3. Select the top image in the Layers Menu, and click the down arrow next to 'Normal' to bring up the Blending Modes list.  



4. Choose a Blending Mode.  You have several options here, depending on the look you're going for.  I usually prefer to choose either Screen or Lighten.  You may also decide to keep it at Normal and reduce the opacity by clicking the down arrow to the right of 'Opacity' and moving the slider to the left.  The images above show variations using all three of these options.


5. Review your image.  If you're happy with how your image looks, you can flatten (Layer > Flatten Image), save (File > Save), and you're done!  (Yep, it's that easy!)  But if you want to have some fun, try playing around with some of the other editing features that Photoshop Elements has to offer.  As you can see, I decided to go with the Screen Blending Mode.  I liked the aesthetic of this mode, but I felt like the final image was a little overexposed, and I wanted to see the two photos blended together a little more.  I'm going to show you guys three more optional edits I decided to make on this particular image. But remember - there is no right or wrong here.  It's all about experimenting!


Optional Edit 1: Adjust Layer Opacity.  Because I wanted to create more of a flow between my two images, I decided to make the top layer more transparent.  In the Layers Menu, I selected the top layer, then reduced the opacity using the slider.


Optional Edit 2:
A. Add a Layer Mask. 
To give myself a little more control over how the images were blended, I added a layer mask.  I'll admit that I don't use the layer mask technique all that often, but it can be pretty incredible tool.  Basically, a layer mask allows you to choose parts of a layer to hide while allowing other parts to show through.  To do this, I selected my top layer, then clicked on the Add Layer Mask icon at the bottom of the Layers Menu (1).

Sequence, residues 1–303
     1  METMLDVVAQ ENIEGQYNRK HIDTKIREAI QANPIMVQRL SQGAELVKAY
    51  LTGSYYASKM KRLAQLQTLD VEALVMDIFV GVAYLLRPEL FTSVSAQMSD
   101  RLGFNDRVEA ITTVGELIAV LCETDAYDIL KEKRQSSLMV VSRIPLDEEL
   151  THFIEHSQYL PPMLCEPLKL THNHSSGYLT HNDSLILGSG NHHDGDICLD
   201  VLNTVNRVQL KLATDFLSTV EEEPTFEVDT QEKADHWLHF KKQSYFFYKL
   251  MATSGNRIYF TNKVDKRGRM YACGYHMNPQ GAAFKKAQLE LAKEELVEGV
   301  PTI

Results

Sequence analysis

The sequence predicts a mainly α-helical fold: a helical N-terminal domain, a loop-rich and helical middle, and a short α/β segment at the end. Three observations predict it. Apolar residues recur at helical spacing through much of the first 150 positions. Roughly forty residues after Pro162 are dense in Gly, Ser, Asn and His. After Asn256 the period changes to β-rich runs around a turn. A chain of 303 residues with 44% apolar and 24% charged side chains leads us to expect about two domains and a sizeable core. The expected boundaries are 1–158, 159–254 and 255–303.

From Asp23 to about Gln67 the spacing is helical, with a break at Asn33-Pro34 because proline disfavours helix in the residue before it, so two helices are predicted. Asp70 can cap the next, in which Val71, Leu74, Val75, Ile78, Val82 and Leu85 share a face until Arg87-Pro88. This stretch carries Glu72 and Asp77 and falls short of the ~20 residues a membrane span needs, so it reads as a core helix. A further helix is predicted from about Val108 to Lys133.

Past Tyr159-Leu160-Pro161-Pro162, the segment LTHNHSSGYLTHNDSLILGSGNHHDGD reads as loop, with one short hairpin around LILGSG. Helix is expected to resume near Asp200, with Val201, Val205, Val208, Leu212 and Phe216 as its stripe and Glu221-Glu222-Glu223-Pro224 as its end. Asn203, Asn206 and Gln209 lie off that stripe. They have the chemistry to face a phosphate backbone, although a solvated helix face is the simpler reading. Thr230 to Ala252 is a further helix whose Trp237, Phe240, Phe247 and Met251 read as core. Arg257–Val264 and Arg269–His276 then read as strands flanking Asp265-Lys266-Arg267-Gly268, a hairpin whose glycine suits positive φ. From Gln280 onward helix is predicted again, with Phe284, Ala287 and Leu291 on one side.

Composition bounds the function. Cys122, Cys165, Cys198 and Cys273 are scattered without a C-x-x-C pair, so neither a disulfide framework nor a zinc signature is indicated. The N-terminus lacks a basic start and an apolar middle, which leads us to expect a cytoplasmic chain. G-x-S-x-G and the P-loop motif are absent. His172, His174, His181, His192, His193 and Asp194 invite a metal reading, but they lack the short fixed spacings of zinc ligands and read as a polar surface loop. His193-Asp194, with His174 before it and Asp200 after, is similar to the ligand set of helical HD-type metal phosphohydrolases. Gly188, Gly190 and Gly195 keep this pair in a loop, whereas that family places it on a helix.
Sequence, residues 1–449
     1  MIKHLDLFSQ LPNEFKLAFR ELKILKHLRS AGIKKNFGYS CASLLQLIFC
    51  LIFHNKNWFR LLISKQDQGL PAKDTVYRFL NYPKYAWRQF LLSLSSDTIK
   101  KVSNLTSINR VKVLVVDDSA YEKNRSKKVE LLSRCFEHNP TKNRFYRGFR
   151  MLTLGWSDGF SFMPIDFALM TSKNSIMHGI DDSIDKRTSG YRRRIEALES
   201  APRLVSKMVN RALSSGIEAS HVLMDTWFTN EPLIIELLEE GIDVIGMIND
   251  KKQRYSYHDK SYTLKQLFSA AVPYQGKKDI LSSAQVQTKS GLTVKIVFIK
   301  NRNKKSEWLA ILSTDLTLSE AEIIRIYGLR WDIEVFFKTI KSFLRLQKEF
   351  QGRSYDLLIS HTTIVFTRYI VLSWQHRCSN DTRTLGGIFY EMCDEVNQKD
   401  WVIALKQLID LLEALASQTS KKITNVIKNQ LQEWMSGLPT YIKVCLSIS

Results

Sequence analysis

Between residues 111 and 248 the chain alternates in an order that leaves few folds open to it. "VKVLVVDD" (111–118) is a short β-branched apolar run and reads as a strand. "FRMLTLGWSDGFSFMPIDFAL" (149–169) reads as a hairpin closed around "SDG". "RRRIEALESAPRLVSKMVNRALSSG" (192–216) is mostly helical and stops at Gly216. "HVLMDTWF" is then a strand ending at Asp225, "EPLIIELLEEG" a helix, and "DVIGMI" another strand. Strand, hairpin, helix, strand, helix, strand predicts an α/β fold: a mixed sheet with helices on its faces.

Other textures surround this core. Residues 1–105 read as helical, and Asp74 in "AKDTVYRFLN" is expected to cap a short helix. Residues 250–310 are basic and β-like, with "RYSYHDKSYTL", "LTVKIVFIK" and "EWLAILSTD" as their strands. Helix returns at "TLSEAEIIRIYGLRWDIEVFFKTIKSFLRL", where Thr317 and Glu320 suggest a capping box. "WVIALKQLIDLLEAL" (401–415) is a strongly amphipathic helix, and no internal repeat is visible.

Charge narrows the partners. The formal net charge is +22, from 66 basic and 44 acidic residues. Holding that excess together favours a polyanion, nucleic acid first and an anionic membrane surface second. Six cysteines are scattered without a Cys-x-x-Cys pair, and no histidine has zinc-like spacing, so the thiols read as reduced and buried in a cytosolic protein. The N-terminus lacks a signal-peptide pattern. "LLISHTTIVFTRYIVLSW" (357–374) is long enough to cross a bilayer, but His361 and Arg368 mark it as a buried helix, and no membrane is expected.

B. Paint Layer Mask.
Next, I painted the layer mask black to reveal more of certain portions the background layer.  To do this, I selected the Brush Tool from the Toolbox Menu (2) on the left side of the screen, chose black for the Foreground Color (3), chose a soft Brush from the Brush Menu (4) on the top left, chose a Brush Size (5), and set the Opacity (6) to 30%.  I then painted over the image in the places where I wanted to reveal more of the background layer.


Optional Edit 3:  Use the Guided Edit Menu to Add a Saturated Slide Film Effect.  Because the background layer of this image features a very vibrant sunset, I decided I wanted to play that up and give the final image a boost to make it really dramatic.  First I flattened my two layers into one (Layer > Flatten Image).  Then I decided to take advantage of the Guided Edit feature of Photoshop Elements by clicking on Guided Tab of the Edit Menu (1) and scrolling down to Photography Effects (2).  I then clicked on Saturated Slide Film Effect (3) and clicked Apply (4).  You can choose to click "apply" multiple times to intensify the effect, but I chose to click it just one time and keep the results subtle.